• Evidence from various witnesses, including PW4, highlighted prior disputes and threats by the respondent towards the deceased.
  • The disciplinary enquiry focused on the respondent’s involvement in the murder, violation of service rules, and impact on the police force’s image.
  • The standard of proof in disciplinary proceedings differs from criminal trials and necessitates evidence of misconduct.
  • The High Court’s role is to review findings within the bounds of judicial limitations, ensuring the existence of some evidence to support charges.
  • The respondent’s movements and connections around the time of the murder were scrutinized in the disciplinary proceedings.
  • Proportionality and the impact on the police force’s reputation were key considerations in the disciplinary proceedings.
  • The High Court’s decision to overturn the disciplinary findings and reinstate the respondent was based on a different perspective of the evidence.
  • Judicial review in disciplinary matters is essential to ensure fair and just outcomes.
  • The judgment in the case of Moni Shankar v. Union of India discussed the standard of ‘preponderance of probabilities’ in the context of judicial review of departmental enquiries.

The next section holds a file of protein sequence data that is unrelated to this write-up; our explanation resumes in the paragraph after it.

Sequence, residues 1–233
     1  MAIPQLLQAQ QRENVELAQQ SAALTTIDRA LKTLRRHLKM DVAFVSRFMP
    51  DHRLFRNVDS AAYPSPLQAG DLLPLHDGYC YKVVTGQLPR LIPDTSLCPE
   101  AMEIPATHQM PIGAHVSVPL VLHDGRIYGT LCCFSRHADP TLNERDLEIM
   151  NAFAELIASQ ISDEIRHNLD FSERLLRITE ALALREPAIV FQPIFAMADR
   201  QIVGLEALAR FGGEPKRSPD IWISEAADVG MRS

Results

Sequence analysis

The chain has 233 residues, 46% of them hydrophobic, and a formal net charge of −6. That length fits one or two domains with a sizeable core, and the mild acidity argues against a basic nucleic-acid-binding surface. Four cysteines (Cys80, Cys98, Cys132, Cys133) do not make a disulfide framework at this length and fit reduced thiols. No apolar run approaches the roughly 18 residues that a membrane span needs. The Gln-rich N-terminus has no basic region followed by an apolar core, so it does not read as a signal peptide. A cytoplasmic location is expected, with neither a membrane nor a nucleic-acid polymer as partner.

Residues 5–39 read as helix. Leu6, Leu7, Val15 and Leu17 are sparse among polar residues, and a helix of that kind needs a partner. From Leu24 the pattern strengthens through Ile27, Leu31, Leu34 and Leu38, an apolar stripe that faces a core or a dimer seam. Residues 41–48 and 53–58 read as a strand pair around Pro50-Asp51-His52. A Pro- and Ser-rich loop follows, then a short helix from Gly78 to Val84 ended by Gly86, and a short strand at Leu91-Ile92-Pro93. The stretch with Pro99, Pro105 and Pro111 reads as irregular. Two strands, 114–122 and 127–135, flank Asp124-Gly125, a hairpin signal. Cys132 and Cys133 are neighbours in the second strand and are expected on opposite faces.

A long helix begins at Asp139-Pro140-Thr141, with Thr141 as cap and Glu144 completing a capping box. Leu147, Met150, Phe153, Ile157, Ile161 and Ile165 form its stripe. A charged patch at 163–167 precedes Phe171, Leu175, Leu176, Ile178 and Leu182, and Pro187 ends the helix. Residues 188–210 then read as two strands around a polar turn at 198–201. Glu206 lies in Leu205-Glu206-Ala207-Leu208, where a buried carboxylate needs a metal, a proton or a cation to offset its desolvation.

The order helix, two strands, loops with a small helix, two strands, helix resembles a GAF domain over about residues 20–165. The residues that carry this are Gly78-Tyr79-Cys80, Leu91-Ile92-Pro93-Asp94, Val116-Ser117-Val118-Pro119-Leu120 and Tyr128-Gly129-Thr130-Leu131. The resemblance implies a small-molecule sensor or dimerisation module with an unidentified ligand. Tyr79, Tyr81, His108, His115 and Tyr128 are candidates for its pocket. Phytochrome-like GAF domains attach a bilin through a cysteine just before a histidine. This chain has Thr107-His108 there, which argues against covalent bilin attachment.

• The Division Bench in this case found fault with the Single Judge for not considering the evidence of Jodh Singh in its entirety.
  • Disciplinary enquiries must adhere to the rules of natural justice and the standard of proof is based on a preponderance of probabilities, not the strict standard of proof beyond reasonable doubt in criminal trials.
  • Judicial review in disciplinary matters involves deference to the disciplinary authority’s determination of whether misconduct has occurred.
  • A failure to consider vital evidence in a disciplinary matter is considered a perverse determination of fact.
  • Deference to a finding of fact by the disciplinary authority is important as the employer is responsible for the efficient conduct of their service.
  • The judgment also highlighted the distinction between the standard of proof in disciplinary proceedings and criminal trials.
  • There are circumstances emerging from the record of disciplinary proceedings that support the State’s argument against reinstating the employee.
  • Reinstating the employee may erode the credibility and public confidence in the image of the police force.
  • The State’s concerns about the impact of reinstatement on the police force’s reputation are legitimate.

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  • Retiral dues of the respondent to be computed and released within three months.
  • Direction of the Division Bench for reinstatement is set aside.
  • Cessation from service to happen on completion of minimum qualifying service.
  • Respondent not entitled to back wages.
  • Appeal allowed with specified directions.
  • Pending applications disposed of.
  • No costs ordered.


Case Number: C.A. No.-003340-003340 / 2020

Click here to read/download original judgement